LAPD Police Chief Charlie Beck Supports New Bill To Make California A Sanctuary State
In a press conference held on Monday, June 19, Chief Beck said that the bill was not ‘soft on crime’, but displayed ‘courage.’ He said that the bill protects trust between his officers and the neighborhoods that they police.
The bill, known as Senate Bill 54 or the sanctuary state bill, would not allow state and local law enforcement agencies, including school police and security, from using any available resources to ‘investigate, detain, report, or arrest people for immigration violations.’
Police chiefs and sheriffs throughout the state have expressed concern that the bill could ‘weaken’ their ability to ‘detain dangerous or repeat criminals.’
Former Attorney General Eric Holder and Senate President Pro Tem Kevin de Leon were with Chief Beck at the press conference. Holder has been temporarily hired by the State and Assembly as an adviser on strategy against President Trump’s administration.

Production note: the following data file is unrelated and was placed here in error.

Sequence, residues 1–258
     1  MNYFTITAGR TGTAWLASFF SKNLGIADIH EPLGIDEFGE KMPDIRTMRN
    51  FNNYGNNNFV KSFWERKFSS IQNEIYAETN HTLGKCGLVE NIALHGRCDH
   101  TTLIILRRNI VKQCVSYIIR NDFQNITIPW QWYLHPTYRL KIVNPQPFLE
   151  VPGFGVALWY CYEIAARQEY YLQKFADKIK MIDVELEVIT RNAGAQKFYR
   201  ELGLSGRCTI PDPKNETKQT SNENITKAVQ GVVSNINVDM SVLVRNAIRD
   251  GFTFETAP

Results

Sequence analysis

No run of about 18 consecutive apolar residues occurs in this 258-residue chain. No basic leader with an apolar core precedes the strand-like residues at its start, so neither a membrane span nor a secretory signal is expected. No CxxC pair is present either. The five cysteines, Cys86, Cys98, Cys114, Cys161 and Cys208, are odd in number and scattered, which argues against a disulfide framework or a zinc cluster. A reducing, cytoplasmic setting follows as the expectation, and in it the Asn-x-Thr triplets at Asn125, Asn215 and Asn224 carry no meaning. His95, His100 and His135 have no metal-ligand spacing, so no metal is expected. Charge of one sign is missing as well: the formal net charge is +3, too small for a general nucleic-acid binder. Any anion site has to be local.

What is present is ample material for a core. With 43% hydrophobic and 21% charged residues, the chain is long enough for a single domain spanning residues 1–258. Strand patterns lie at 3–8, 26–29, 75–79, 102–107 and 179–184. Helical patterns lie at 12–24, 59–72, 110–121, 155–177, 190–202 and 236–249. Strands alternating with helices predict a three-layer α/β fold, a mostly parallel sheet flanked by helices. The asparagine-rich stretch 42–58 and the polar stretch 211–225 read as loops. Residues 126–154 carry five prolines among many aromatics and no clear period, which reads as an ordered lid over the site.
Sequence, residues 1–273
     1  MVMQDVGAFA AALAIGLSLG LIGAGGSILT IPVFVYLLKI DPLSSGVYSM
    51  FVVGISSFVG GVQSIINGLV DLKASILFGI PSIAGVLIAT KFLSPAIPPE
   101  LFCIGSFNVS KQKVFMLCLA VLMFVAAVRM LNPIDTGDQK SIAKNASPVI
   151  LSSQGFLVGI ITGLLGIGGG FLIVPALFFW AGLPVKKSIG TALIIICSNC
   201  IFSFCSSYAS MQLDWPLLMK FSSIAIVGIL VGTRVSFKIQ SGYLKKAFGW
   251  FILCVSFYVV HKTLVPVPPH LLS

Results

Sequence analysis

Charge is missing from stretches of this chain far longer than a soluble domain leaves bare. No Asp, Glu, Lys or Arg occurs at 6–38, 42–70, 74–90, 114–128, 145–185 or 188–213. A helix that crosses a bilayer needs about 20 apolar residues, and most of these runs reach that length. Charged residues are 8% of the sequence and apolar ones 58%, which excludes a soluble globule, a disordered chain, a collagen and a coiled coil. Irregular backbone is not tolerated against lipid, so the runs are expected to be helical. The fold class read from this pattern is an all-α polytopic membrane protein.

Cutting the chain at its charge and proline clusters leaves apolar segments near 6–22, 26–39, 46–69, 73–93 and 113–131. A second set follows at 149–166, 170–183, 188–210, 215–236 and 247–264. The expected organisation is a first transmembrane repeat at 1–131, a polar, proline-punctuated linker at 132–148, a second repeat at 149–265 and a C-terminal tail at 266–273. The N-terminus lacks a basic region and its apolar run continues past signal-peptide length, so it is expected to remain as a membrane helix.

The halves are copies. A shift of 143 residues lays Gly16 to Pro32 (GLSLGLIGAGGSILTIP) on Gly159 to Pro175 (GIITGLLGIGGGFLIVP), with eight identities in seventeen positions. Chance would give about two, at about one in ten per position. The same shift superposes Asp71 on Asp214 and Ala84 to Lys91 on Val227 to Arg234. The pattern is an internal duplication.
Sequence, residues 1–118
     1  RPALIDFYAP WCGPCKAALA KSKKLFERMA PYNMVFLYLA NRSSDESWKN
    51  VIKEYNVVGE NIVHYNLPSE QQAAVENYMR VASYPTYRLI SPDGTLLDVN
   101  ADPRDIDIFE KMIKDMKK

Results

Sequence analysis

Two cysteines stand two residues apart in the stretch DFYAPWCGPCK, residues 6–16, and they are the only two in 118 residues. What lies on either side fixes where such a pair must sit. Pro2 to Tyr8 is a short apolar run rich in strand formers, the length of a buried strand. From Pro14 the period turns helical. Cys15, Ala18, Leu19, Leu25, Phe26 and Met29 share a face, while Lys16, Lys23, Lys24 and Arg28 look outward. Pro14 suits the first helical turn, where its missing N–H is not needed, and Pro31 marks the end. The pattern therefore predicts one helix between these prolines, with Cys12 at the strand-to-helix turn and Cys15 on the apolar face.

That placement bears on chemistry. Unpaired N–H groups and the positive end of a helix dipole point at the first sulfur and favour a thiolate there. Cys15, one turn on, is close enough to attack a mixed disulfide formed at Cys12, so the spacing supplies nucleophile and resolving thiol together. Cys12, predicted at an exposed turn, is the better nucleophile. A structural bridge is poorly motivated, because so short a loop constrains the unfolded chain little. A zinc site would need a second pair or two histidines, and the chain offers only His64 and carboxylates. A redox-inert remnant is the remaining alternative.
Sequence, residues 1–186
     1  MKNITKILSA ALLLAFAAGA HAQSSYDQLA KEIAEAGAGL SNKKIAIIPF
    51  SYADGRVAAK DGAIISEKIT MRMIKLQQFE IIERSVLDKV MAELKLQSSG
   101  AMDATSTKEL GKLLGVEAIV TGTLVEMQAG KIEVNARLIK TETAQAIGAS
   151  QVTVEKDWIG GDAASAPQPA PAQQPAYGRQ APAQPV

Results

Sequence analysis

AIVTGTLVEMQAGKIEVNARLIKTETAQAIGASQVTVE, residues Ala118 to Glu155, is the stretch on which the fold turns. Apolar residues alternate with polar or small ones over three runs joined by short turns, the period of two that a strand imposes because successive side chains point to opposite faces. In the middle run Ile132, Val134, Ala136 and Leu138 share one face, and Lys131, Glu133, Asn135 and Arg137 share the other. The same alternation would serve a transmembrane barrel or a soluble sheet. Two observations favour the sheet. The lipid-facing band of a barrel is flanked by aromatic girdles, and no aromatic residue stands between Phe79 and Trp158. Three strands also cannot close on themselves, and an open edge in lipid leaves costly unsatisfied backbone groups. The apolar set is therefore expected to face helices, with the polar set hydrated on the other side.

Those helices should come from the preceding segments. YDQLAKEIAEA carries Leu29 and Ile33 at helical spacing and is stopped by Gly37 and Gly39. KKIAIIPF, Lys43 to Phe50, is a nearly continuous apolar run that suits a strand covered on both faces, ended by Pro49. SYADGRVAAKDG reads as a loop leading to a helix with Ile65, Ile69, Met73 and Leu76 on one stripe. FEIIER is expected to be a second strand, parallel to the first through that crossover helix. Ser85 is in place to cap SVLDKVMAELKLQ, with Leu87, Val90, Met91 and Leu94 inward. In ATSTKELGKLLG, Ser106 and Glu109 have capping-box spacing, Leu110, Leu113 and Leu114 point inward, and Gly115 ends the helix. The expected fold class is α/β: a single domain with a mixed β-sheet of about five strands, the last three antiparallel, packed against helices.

He said that the bill was about “doing the right thing”, and said that it was “…something that needed to be done nationwide.” Holder has already sent a letter about the bill to current Attorney General Jeff Sessions. In the letter, Holder said that the bill was constitutional, and should take precedence over federal law. It is not known if AG Sessions has responded.
De Leon amended the bill to alleviate one of Chief Beck’s concerns, and the amendment now allows local and state law enforcement officers to participate in task forces, working beside federal officers, so long as the operation is not targeted for immigration enforcement.
President Trump and AG Sessions have promised to cut federal funding to so-called sanctuary cities and states. The bill cleared its first hearing in the state Assembly.
At that hearing, Cory Salzillo, legislative director for the California State Sheriffs’ Association, argued against it. He said if federal immigration officers were not allowed to interrogate illegal immigrants in jail, then they would be forced to go into the communities, which could result in more arrests for illegal immigrants.